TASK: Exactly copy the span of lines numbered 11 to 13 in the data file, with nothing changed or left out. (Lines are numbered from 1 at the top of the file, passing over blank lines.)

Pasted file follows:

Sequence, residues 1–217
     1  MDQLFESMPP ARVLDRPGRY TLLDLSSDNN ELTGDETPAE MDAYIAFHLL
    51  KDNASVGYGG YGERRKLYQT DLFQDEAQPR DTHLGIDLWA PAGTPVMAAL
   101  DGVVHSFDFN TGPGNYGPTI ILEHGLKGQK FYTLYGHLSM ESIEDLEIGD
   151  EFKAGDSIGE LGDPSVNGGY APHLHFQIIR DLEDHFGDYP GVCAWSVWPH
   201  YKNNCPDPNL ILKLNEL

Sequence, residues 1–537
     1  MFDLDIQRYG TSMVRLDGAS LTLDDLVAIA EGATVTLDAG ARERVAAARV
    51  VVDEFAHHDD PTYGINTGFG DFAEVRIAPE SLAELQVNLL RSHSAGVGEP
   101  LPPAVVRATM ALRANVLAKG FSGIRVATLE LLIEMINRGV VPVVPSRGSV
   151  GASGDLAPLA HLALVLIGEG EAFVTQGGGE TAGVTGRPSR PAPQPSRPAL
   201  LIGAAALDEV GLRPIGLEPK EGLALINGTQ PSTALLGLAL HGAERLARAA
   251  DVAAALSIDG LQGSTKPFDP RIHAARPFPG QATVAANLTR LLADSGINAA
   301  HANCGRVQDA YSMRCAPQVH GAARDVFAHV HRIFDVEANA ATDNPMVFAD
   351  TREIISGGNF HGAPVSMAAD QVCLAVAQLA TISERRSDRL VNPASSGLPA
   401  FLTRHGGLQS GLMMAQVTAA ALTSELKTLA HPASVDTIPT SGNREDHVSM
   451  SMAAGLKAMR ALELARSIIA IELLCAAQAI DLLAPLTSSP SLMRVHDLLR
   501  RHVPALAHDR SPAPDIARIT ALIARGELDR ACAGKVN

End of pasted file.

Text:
   151  GASGDLAPLA HLALVLIGEG EAFVTQGGGE TAGVTGRPSR PAPQPSRPAL
   201  LIGAAALDEV GLRPIGLEPK EGLALINGTQ PSTALLGLAL HGAERLARAA
   251  DVAAALSIDG LQGSTKPFDP RIHAARPFPG QATVAANLTR LLADSGINAA